The human body is made up of several different organ systems, with each organ playing a very specific and important role in maintaining homeostasis and keeping the body alive and healthy. In this article, you’ll learn the detailed functions of the organs of the body, in particular the brain, heart, lungs, liver, kidneys, stomach, intestines, pancreas and reproductive organs.
Functions of the brain and nervous system
The brain is the central organ of the nervous system and responsible for coordinating the processes of all the other parts of the body to keep things working optimally. The brain is highly complex and we don’t fully understand all of its functions and capabilities, but in general it regulates the actions of all the other organs, perceives sensory information from external and internal stimuli, and sends impulses to muscles to permit movement. It does this by sending electrical or chemical signals from neuron to neuron, which has a cascade effect and modulates the functions of other organs.
As a simplified example, let’s say you hear a sudden loud noise and are startled, and you can feel your heart racing afterwards. Sensory information (the loud noise) traveled through your ears to the auditory nerve, which sent a signal to your brain allowing you to perceive the sound. This triggered a combined emotional/physiological response within your brain which caused certain neurons to release the chemical norepinephrine, which stimulates receptors on the heart, causing it to beat faster.
Functions of the heart and lungs
The heart and lungs work together closely to deliver oxygen to all of the cells of the body, while removing waste gases from cellular respiration (such as carbon dioxide). The heart pumps blood through every part of the body, distributing nutrients, hormones and oxygen. This is why your heart rate increases when doing strenuous activity: your cells are expending more energy and thus require more oxygen, causing your breathing to become labored and your heart to pump faster to get that oxygen where it needs to go, fast.
Functions of the liver and kidneys
The liver and kidneys are the main organs responsible for removing toxins from the body. The liver filters many chemical substances (including many medications and toxins like ethyl alcohol) out of the blood and metabolizes them through various chemical reactions into simpler byproducts that can be eliminated from the body, usually through urination. The kidneys then filter these byproducts out of the blood and concentrate them into urine, which can exit the body through urination. The liver also produces cholesterol, certain blood clotting factors, and bile.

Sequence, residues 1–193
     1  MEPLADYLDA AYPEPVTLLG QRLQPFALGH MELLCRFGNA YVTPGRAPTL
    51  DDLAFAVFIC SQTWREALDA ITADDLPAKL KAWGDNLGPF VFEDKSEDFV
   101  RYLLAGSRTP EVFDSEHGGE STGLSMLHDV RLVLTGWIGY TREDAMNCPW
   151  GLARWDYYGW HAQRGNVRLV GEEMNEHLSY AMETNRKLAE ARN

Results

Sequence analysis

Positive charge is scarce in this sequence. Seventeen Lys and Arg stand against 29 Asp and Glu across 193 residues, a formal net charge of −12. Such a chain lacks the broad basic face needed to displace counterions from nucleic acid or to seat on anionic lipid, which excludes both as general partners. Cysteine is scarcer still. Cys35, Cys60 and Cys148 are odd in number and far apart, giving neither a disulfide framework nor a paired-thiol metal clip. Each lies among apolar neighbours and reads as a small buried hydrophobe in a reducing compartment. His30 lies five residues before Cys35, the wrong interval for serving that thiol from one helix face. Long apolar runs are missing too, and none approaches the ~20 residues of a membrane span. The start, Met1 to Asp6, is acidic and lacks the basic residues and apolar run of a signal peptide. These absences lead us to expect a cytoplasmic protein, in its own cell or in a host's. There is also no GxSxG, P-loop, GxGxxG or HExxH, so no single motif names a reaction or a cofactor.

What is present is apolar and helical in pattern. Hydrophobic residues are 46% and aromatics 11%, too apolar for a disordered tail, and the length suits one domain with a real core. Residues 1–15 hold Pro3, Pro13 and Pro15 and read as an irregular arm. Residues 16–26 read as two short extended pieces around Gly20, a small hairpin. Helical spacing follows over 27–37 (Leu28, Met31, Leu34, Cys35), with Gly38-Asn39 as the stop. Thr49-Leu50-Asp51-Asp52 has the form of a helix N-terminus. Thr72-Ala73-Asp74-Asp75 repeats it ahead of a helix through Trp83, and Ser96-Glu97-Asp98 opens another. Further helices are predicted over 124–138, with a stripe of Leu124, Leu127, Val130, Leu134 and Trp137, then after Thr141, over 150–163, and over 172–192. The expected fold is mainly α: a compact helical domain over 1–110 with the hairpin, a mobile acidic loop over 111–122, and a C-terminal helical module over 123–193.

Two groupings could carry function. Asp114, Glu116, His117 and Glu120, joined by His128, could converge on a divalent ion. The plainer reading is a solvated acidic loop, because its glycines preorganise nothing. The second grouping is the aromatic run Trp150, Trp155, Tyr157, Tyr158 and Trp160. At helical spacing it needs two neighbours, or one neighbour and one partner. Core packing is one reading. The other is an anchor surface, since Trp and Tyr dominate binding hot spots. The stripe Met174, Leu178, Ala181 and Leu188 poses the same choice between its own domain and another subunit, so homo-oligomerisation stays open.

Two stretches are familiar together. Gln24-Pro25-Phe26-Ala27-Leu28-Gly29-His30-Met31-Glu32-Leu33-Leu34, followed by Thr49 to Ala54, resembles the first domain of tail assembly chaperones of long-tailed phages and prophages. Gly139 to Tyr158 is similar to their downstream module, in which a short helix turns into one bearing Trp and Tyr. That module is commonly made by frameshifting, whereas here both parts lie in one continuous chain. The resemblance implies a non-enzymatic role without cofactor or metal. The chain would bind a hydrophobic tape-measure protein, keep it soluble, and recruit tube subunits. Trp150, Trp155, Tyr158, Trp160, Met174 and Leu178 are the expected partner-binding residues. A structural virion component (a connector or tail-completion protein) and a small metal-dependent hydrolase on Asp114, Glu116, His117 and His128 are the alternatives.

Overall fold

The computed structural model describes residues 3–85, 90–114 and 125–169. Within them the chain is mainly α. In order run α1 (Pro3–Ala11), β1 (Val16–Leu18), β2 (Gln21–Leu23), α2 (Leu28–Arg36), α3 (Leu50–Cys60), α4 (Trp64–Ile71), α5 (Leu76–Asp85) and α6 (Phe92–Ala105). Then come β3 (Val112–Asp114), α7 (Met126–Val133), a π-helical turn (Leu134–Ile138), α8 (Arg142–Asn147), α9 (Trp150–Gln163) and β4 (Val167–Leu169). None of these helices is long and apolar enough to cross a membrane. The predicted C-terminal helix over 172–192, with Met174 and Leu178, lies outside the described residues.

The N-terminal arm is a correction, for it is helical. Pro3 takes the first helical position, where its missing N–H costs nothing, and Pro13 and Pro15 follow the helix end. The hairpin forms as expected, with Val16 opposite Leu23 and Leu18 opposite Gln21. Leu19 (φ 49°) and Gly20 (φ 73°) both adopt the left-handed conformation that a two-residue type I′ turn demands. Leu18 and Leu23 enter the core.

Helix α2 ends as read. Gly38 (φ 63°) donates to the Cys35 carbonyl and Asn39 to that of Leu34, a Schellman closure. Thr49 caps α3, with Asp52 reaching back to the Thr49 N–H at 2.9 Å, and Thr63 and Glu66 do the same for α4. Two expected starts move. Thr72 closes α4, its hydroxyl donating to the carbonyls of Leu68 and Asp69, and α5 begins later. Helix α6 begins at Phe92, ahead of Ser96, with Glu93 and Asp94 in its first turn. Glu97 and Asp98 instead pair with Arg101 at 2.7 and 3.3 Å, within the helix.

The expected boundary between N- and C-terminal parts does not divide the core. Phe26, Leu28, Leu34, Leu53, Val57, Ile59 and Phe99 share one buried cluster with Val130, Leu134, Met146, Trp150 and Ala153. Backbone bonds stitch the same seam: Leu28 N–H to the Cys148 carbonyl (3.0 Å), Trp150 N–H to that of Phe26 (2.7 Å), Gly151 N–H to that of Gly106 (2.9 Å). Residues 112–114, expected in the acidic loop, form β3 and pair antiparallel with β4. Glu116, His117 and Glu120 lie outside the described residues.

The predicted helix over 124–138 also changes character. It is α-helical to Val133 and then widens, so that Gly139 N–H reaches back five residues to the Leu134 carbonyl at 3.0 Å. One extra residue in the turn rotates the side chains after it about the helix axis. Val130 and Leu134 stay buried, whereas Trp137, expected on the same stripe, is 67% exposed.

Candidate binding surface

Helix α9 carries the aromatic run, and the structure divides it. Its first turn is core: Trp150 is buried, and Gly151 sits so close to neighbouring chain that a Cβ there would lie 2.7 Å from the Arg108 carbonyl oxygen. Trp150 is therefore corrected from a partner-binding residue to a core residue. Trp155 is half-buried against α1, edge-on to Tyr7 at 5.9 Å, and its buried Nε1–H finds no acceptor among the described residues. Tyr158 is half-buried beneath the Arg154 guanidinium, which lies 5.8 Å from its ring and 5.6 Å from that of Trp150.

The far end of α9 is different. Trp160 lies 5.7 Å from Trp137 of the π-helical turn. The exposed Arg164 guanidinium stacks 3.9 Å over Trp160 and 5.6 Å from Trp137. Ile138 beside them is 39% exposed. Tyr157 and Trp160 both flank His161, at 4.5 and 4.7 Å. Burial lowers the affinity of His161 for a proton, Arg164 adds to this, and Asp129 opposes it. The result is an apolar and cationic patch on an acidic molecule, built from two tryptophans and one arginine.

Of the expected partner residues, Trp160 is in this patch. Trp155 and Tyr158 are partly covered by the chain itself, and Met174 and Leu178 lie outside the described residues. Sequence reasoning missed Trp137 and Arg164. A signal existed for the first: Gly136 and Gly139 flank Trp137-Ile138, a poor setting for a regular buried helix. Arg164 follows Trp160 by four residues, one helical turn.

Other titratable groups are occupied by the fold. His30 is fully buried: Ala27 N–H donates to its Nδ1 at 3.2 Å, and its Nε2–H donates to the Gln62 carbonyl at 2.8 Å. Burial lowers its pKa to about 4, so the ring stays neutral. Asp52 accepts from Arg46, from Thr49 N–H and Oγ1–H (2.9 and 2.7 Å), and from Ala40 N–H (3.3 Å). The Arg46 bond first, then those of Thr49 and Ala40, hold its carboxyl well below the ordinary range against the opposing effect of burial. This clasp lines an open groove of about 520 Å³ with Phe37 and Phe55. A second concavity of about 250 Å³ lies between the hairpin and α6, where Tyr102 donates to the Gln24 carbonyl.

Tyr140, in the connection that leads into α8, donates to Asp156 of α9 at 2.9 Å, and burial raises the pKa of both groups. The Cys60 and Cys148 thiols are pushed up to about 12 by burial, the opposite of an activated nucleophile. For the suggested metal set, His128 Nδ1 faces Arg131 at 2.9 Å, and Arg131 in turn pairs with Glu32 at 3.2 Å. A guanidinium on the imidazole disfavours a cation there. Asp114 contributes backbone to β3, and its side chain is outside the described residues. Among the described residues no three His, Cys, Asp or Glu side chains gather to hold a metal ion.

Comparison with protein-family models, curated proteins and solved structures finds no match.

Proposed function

Functions of the stomach and intestines
As part of the digestive system, the stomach and intestines are responsible for digesting food and absorbing its nutrients so they can be used by the body. The stomach secretes a strong acid and physically churns food to break it down so that nutrients can be extracted more easily; it also plays a small role in absorption of certain substances. Most of the nutrients from food are absorbed as it is digested in the small intestine. The large intestine or colon absorbs any useful substances that are left behind and sends the remaining compacted waste to the rectum to be eliminated as feces.
Functions of the pancreas
The pancreas is an organ that is considered part of the endocrine system, and is responsible for aiding in digestion and regulating blood sugar. The pancreas produces digestive enzymes and releases them into the duodenum of the small intestine, where the stomach deposits partially digested food. These help the intestine digest the proteins, carbohydrates and fats in the food we eat. The pancreas also manufactures two important hormones for regulating blood sugar, namely insulin and glucagon, which have inverse functions.
Functions of the reproductive organs
The reproductive organs, which are different in men and women, of course serve the purpose of allowing for sexual reproduction and creation of offspring. These organs also have endocrine functions, meaning they produce certain important hormones for the body.
In men, the reproductive organs are the testes, which produce sperm cells (male gametes) and the sex hormone testosterone. In women, the homologous organs are the ovaries, which produce ova (or eggs, female gametes) and the sex hormones estrogen and progesterone.